“And still somehow, it’s life’s illusions I recall” Joni Mitchell, 1968
The recent ANA convention in Denver, Colorado, taught me, once again, that nothing lasts forever, and that life is but a fleeting visit beneath the wondrous canopy above. When I was a kid, my mom would tell me that time flew by faster as you aged, and me, the smart-assed teenager fresh with ideas of time and science reminded her it was physically impossible.
Surprise! While in Denver, I ran into a fellow dealer and old friend named Eric who works with World Numismatics, LLC out of Carefree, Arizona. I’ve known Eric since he was a young kid on his first new bicycle – that was 40 or so years ago now – a well-earned reward from a guy named Bob Vanaman. If you know the name, it’s because you frequented a place called Van’s Coins at 1876 East Apache Blvd. in Tempe, Arizona between 1970 and 1990, give or take a few years, as my memory is aging as rapidly as I am.
Van, as I called him, or Bobby, as his wife Patty called him, ran a Saturday afternoon bid-board at his shop, and I would be there like clockwork for my weekly visit. At the time, I wore a brass hoop through an ear and a lengthy ponytail – old hippies died hard in the mid ‘70s. I was Van’s “resident hippie” and we enjoyed a good-natured relationship that lasted for decades afterward.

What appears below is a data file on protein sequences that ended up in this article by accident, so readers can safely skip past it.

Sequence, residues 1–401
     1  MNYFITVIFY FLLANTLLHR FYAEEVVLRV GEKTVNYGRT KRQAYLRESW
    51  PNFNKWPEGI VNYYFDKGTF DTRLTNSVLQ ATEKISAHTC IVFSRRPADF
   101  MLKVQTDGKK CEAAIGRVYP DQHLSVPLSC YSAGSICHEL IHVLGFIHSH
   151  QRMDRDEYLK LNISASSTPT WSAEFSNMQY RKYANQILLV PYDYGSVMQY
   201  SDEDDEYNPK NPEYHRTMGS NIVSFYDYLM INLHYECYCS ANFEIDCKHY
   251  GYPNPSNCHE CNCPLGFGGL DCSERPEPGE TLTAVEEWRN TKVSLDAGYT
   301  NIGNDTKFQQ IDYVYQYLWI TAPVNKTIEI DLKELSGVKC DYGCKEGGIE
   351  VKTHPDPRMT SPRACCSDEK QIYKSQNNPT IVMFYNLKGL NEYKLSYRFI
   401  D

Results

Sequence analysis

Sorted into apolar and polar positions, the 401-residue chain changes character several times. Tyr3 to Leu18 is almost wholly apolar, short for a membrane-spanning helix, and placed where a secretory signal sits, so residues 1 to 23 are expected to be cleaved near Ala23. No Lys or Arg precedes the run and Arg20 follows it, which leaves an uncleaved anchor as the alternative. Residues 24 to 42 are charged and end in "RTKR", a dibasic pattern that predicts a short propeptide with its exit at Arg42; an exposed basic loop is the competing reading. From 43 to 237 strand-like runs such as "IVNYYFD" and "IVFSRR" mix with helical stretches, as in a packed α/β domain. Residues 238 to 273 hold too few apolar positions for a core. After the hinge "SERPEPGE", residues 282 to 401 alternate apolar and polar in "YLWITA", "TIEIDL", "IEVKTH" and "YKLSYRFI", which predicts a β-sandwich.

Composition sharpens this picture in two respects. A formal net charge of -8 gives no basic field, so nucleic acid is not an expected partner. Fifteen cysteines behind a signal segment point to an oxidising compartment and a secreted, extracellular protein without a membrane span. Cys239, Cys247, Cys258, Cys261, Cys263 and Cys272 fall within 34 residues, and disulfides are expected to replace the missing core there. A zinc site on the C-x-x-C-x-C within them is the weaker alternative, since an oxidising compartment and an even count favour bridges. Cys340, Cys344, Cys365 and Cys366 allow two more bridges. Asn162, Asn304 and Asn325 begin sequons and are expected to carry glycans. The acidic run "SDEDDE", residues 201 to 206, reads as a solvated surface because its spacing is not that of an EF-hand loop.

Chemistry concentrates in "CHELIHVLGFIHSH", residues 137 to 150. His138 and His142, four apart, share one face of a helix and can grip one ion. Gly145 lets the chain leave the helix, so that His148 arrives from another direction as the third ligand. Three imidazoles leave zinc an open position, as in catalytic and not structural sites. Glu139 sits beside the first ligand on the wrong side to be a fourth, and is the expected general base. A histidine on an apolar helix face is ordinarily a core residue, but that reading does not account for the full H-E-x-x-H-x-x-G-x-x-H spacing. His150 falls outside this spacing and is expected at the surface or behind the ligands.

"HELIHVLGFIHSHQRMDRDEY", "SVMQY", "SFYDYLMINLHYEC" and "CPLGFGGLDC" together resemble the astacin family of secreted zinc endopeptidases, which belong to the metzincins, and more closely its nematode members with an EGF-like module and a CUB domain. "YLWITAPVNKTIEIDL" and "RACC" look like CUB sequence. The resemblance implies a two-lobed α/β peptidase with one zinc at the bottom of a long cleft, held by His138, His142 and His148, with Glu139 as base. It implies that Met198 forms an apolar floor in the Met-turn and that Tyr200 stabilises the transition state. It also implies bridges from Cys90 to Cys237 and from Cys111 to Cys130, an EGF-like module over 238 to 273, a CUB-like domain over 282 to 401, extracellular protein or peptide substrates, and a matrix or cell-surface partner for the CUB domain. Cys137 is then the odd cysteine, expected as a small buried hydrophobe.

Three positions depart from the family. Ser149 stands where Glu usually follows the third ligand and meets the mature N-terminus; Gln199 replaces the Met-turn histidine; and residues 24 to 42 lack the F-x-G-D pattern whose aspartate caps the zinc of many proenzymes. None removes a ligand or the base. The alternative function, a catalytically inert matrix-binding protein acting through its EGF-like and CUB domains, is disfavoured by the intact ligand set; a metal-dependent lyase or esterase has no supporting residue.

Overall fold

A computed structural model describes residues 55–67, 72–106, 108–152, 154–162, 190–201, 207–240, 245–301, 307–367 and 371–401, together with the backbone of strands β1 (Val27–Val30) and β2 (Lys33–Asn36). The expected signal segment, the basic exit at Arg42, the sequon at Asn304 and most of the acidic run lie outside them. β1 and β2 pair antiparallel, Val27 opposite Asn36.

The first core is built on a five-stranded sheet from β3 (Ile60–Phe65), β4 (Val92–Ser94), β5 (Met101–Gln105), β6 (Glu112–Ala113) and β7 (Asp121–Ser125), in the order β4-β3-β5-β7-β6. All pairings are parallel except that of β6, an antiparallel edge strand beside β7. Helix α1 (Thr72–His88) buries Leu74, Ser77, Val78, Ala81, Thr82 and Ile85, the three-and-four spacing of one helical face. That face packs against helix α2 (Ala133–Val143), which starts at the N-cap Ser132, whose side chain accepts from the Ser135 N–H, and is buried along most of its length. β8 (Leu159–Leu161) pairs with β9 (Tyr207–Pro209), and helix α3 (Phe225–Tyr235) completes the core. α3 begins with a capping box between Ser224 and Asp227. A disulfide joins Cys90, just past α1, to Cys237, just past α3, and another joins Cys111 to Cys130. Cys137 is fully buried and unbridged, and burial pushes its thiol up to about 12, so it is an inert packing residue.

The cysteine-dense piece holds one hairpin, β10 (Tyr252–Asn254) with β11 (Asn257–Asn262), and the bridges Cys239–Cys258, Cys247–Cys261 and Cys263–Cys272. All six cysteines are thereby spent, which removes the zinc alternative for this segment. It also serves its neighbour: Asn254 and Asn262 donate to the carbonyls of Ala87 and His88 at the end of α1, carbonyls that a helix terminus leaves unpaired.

When I lost my job in late 1978, the coin market and silver market were just beginning to heat up. My wife, Peg, was pregnant with our daughter, Jenna (who is nowadays the right-hand person at Douglas Winter Numismatics in Portland, Oregon). Van pulled me aside one Saturday and asked if I could work full-time for him, off the books, and I said yes immediately. Van was well-known throughout the area, and we started to come in to the shop at 7 AM instead of 10 AM just to accommodate the growing crowds that waited each morning to sell their silver and gold into the rapidly exploding market of late 1978-early 1979.
At Christmastime 1979, Van gave my wife a black agate and silver native American bracelet from the 1940s, a real beauty and highly unusual because of the nature of the stone. She still wears it on occasion, and it always brings back memories of our stay in the desert when we were much, much younger. I worked at the shop until March, 1980 when we bid farewell to the Valley of the Sun and headed back East.
I got to see Van on a few visits to Phoenix over the decades, and we spoke occasionally on the phone as well. I could go on for hours about Van, but let’s just say he was a major influence in my numismatic outlook and career, and was the first guy to ever sense some potential in me above and beyond that of simply being a collector.
In Denver this August, Eric told me Patty said “hello.” I asked after her and Van and he told me Van passed away. I was taken aback, but he insisted he told me earlier in the year at the Santa Clara show – actually, I didn’t attend that show so the news was raw and shocking to me. We tend to think old friends will last forever, or at least as long as we last, perhaps out of some unspoken social more – how many times in this lifetime must I fall victim to that mindset?
Obviously, the best time to end a blog is when your eyes well up, so I’ll see you soon, at NumoBlog-a-Rootie #2...